As we have already discussed the dogma of the Immaculate Conception, where it may be found in Scripture, and why the doctrine started to be defined in response to the heresies that arose during the fourth and fifth centuries, so I will not repeat myself here. I will merely add that the doctrine was defined specifically at a time when the heresy of Pantheism, which shares with Pelagianism the same intellectual and psychological assumptions in equating the creature and the "created will" with the Creator and the divine will, was taking hold in Europe. The dogma of the Immaculate Conception explicitly denies such.
Likewise, I will not address Mr. Fan’s comments regarding Pope Benedict XVI and his supposed Mariolatry here as I am already addressing the falsity perpetrated by some Calvinists that Catholics worship Mary in a separate series of postings.
What I will close with is addressing Mr. Fan’s claims that Lourdes is a fraud, and a clumsy one at that. Unfortunately, nowhere in his article does Mr. Fan deign to enlighten us how he discerned the “fraud.” He gives no example, offers no proof, nor cites to any authority that demonstrates the falsity of the Lourdes phenomena. We are expected to assume its falsity based on the say-so of pseudonymous anti-Catholic who presents no credentials, no evidence, and no real explanation.
If Turretinfan is claiming that what Saint Bernadette was fraudulent in what she saw, heard and did or that the apparitions were sent from hell, then let him adduce his evidence for our consideration. Prove her the liar and be done with it. I, for one, want to see how Turretinfan tested Saint Bernadette’s private revelations in accordance with Scriptural exhortation at 1 Thess. 5:19-21.
If Turretinfan is talking about the documented cures that occurred there, he has an additional problem. Whatever he wants to say about them, the cures happened. Let us see his proof that they are not miraculous. Using the thoughtful guidelines I mentioned earlier that were promulgated by Pope Benedict XIV as well as the latest medical technologies and stringent scientific enquiry, the independent medical bureau that examines miraculous cures at Lourdes has substantiated 70 cures that meet all of the criteria to be regarded as miraculous. Thousands of other individuals, including Protestants, have claimed to be cured at Lourdes. What credentials does Mr. Fan have that none of the medical and scientific professionals who have actually examined the evidence have?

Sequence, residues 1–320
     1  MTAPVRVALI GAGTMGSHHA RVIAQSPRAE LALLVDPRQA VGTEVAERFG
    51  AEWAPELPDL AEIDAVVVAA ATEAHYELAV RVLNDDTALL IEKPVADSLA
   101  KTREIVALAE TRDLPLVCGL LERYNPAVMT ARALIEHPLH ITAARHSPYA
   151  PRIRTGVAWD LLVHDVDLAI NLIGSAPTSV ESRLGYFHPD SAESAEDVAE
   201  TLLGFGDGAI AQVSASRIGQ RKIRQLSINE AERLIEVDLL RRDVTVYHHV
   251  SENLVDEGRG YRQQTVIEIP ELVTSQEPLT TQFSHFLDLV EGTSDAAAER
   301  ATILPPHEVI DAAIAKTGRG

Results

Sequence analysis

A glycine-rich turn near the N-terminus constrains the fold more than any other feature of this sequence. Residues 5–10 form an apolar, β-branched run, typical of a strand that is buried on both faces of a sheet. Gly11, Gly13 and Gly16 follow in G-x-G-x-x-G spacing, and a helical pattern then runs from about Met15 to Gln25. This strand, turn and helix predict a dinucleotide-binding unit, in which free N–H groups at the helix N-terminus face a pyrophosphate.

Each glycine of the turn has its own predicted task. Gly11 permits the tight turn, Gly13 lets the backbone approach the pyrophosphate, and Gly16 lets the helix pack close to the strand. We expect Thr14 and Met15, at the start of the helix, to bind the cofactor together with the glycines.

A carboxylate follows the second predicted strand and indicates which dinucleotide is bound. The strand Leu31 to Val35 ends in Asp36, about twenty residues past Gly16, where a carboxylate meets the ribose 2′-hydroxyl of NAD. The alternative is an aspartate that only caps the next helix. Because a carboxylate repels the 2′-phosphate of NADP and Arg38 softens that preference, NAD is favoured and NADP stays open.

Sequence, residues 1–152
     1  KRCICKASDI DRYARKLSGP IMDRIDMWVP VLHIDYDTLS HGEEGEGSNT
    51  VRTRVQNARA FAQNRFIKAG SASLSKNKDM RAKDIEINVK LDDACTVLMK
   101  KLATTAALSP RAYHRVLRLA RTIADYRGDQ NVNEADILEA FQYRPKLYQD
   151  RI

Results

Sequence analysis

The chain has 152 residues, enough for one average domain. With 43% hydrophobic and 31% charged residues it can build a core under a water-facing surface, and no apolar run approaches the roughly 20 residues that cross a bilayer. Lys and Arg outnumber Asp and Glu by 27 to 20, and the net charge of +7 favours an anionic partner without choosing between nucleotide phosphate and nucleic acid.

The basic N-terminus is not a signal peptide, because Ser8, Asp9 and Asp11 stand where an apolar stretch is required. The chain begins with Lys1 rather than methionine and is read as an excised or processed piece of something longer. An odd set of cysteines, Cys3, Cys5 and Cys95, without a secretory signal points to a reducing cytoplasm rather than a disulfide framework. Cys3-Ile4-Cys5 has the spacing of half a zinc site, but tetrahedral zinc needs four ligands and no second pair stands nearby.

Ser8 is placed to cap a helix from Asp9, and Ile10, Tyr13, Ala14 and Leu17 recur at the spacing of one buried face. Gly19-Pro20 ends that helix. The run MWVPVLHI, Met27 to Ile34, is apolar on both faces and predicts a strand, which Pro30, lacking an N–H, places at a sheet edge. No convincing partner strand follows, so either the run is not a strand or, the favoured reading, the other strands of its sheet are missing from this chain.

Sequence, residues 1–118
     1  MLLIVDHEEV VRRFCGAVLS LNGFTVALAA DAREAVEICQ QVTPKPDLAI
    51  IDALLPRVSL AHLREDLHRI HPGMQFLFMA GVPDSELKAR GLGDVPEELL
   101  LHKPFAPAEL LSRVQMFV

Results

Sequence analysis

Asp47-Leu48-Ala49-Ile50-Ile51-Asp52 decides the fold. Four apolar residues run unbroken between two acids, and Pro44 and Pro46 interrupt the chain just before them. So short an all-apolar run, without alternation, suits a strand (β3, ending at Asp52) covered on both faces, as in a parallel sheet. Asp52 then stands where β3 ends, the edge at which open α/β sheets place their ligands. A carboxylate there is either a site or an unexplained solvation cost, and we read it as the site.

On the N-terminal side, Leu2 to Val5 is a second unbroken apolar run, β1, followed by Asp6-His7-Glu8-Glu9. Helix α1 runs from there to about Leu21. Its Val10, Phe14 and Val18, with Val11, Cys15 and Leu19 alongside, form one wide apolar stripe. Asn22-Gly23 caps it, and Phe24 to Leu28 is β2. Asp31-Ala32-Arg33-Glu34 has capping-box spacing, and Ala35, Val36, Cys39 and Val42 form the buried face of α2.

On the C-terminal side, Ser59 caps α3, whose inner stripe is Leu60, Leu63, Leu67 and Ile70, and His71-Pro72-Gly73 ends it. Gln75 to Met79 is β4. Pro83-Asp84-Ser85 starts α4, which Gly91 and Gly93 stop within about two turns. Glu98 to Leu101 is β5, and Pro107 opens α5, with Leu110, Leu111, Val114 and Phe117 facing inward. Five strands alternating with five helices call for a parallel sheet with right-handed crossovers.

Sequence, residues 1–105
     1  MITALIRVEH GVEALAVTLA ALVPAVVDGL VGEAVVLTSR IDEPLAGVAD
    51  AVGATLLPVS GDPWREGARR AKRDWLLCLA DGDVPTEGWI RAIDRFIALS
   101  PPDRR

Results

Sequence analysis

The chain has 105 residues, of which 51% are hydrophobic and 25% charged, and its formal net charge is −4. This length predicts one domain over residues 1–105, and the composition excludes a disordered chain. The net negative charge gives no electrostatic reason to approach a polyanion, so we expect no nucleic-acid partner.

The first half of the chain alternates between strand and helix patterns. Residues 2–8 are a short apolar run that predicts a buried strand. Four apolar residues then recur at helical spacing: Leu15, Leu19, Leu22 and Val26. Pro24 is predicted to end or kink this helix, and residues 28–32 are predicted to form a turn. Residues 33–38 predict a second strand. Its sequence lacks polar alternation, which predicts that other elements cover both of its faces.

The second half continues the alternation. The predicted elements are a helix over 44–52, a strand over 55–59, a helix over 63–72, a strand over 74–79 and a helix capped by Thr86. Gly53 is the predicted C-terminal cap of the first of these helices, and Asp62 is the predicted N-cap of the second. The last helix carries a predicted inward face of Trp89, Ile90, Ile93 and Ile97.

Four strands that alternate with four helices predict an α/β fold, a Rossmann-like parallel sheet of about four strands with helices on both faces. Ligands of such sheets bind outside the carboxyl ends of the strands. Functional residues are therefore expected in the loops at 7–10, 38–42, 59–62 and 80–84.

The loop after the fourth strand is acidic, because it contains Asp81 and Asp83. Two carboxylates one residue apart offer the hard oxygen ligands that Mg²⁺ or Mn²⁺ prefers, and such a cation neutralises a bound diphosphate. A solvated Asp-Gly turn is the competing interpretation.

If, however, Turretinfan is claiming that Lourdes is a fraud merely because he is a Calvinist cessationist, who rejects all private revelation whatsoever, or because he rejects Saint Bernadette’s private revelation and/or the cures that occurred at Lourdes merely because Saint Bernadette is a Catholic and the Lourdes sanctuary is operated by Catholics, then let him show some integrity and be honest enough to say so.
I suspect that it would make no difference to Mr. Fan how much evidence can be brought to bear, people like him will never be satisfied no matter how much evidence is adduced or what the quality of the evidence is raised because he is not seeking the learn truth of the matter. Instead, he is merely seeking to defend his particular religious viewpoint despite the fact that the evidence for the approved miracles at Lourdes is impeccable.
By the way, here is what the “fraudulent” Lourdes-france.org, the official website for the Sanctuaries at the Our Lady of Lourdes has to say about the apparitions: